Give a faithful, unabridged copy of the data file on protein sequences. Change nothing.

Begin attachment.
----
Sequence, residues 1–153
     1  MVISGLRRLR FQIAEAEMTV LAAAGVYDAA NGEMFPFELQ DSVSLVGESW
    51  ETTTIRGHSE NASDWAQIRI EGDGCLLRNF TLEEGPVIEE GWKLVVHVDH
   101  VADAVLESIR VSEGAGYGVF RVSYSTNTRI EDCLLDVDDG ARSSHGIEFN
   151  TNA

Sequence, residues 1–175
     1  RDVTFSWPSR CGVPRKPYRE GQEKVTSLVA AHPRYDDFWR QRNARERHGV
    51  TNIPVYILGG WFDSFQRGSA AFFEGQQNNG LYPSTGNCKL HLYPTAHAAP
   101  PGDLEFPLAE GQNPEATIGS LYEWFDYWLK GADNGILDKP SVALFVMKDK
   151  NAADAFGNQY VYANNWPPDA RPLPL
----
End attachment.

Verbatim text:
Sequence, residues 1–153
     1  MVISGLRRLR FQIAEAEMTV LAAAGVYDAA NGEMFPFELQ DSVSLVGESW
    51  ETTTIRGHSE NASDWAQIRI EGDGCLLRNF TLEEGPVIEE GWKLVVHVDH
   101  VADAVLESIR VSEGAGYGVF RVSYSTNTRI EDCLLDVDDG ARSSHGIEFN
   151  TNA

Sequence, residues 1–175
     1  RDVTFSWPSR CGVPRKPYRE GQEKVTSLVA AHPRYDDFWR QRNARERHGV
    51  TNIPVYILGG WFDSFQRGSA AFFEGQQNNG LYPSTGNCKL HLYPTAHAAP
   101  PGDLEFPLAE GQNPEATIGS LYEWFDYWLK GADNGILDKP SVALFVMKDK
   151  NAADAFGNQY VYANNWPPDA RPLPL